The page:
On Easter Sunday, we greeted each other with the words of joy “Happy Easter!” It was a wonderful chorus on the patio, at the exchange of the peace and as goodbyes were said in the parking lot. I have to admit, Happy Easter greetings arrived in the middle of Lent from some peoples lips, which reminded me of the Merry Christmas greetings before Thanksgiving and in early December. I always wondered why folks could not wait until the Easter Vigil/Easter Sunday and Christmas Eve/Christmas Day respectively. I know now that I was focused on the wrong thing.
While meeting with Najat Kafity during Holy Week, I learned that her late husband, Bishop Samir Kafity, member of our parish over 19 years in his retirement, would greet people on Easter Sunday with the words “The Lord has Risen.” I wonder if I have been an active participant in the watering down of the true focal point of Lent and Holy Week – the resurrection of our Lord and Savior Jesus Christ.
When I first entered the ordination process 14 years ago, one of the criteria for consideration was whether you were an Easter person. At first I assumed an Easter person is someone who always is positive, someone who sees a glass half full rather than as half empty. We all have known people were “positive people” or they became positive after reading books on the power of positive thinking. Reflecting back, I see that I too participated in the watering down of the meaning of Easter People by trying to understand a spiritual state of being with secular explanations.
In my opinion, if you are reading this, the odds are high you are an Easter person. The question is, do others see Easter in you – your lifestyle, words, actions and the choices you make? I have come to appreciate Easter people as persons who embody the resurrection in their life. Not necessarily with any perfection – because Easter people are not perfect, to be perfectly honest.
An Easter person is someone who fully embodies the pain, suffering, hunger, loneliness, and challenges of the people and world around them AND who proactively shines light on the Good News of Jesus Christ in those challenges.
On Good Friday, Fr. Chris asked us to seek out, discover, and then embrace our own meaning of the cross and not be subject to a limited, secular understanding of right and wrong – fitting God into a form of judgement made by humans. He testified to his own yearning for God that was above such human ways, and how he discovered such a God in the magnitude of God’s compassion, generosity, pursuit of every child of God. Fr. Chris prepared us to embrace a God who could transform how we see, experience and participate in the world today.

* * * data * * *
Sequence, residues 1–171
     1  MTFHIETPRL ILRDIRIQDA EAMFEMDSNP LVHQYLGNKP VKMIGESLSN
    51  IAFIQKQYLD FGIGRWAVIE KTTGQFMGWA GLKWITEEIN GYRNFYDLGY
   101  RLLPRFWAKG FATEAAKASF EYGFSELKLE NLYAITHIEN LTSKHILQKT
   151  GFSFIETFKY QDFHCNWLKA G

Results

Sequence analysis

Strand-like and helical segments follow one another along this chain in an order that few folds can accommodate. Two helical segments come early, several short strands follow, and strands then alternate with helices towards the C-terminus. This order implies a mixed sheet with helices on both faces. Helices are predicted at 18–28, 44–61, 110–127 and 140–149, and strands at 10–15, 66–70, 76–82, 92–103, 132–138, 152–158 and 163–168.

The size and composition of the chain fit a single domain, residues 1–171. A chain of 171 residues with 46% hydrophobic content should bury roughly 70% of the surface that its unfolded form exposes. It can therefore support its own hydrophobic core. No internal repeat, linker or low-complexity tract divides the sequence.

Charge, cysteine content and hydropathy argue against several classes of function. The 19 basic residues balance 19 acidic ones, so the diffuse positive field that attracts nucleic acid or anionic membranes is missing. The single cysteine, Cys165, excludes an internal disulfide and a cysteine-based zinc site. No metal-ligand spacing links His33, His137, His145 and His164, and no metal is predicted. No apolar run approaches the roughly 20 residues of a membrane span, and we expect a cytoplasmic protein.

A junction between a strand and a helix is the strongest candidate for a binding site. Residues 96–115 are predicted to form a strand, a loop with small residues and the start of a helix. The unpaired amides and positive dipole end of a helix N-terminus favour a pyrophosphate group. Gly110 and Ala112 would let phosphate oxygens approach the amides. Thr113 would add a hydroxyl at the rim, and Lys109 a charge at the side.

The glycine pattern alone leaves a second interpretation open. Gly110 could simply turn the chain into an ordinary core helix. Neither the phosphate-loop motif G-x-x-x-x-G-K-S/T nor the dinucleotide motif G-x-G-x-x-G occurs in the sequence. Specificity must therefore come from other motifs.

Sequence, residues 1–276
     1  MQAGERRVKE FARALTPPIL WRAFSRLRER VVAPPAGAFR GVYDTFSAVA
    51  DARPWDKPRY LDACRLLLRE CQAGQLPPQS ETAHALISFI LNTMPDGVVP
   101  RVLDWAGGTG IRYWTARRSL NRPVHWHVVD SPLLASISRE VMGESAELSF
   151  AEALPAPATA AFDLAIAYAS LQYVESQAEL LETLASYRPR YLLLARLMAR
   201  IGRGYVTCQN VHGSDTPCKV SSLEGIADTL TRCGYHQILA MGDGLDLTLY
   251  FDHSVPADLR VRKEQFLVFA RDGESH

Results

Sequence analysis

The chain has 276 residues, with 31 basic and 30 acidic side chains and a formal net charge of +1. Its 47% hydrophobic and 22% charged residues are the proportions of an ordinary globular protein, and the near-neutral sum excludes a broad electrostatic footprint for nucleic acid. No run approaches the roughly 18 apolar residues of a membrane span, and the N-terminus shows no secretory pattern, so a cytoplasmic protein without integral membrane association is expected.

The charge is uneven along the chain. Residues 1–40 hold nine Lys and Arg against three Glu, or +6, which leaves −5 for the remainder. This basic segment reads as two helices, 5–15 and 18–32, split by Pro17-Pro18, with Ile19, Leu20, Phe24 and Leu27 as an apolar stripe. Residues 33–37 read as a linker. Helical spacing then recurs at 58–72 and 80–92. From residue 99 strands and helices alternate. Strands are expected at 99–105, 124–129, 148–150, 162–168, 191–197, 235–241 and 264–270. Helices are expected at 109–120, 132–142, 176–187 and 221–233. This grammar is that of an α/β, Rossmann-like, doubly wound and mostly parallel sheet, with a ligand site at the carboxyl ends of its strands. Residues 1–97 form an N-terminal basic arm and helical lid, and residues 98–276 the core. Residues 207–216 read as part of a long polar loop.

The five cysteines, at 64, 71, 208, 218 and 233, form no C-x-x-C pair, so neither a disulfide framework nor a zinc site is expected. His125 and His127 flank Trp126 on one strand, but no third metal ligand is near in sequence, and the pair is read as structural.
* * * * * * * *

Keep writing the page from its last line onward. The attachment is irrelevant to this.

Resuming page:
At the Easter Vigil service, Mtr. Mary Lynn reminded us that the first apostle, first evangelist, the first messenger that the Lord had Risen was a women named Mary. God revealed himself first to a women. Despite the challenges that would come in her life, she went forth with great joy and spread the Good News not by offering a “Happy Easter”, but by proclaiming “the Lord has Risen.”
On Easter Sunday, most everyone learned to say “I want to see your resurrection. Show me, and I will believe.” I charged us to invest making yourself a human billboard of the resurrection. By your choices and words, you will proclaim to the world the power of the Resurrection of Jesus Christ AND share your own personal experience of the resurrection.
To be part of St. Bart’s today and tomorrow is to join the “Episcopal branch of the Jesus Movement.” That is to be in the company of imperfect Christians embracing the Risen Lord and sharing it with world. All the while, being Easter People. I offer the final prayer from my Easter sermon, so that you too can begin to see in yourself the Risen Lord.
Bishop Klaus Hemmerle, before his death in 1994, wrote in his Easter letter (printed in Synthesis, April 2017) “I wish each of us Easter eyes, able to perceive:
In death, life
In guilt, forgiveness
In separation, unity
In wounds, glory
In human, God
In God, the human
And in the I, the You.”
~The Rev. Mark McKone-Sweet
Fr. Mark McKone-Sweet came to St. Bartholomew’s in 2014. He was born, educated, worked in Massachusetts, then entered into full-time ministry in Diocese of Massachusetts. Mark’s life has been a journey of participating in and leading communities through change, rebirth and growth. He is a cradle Episcopalian and avid Red Sox fan, along with being entrepreneurial in mind and heart (Holy Spirit driven).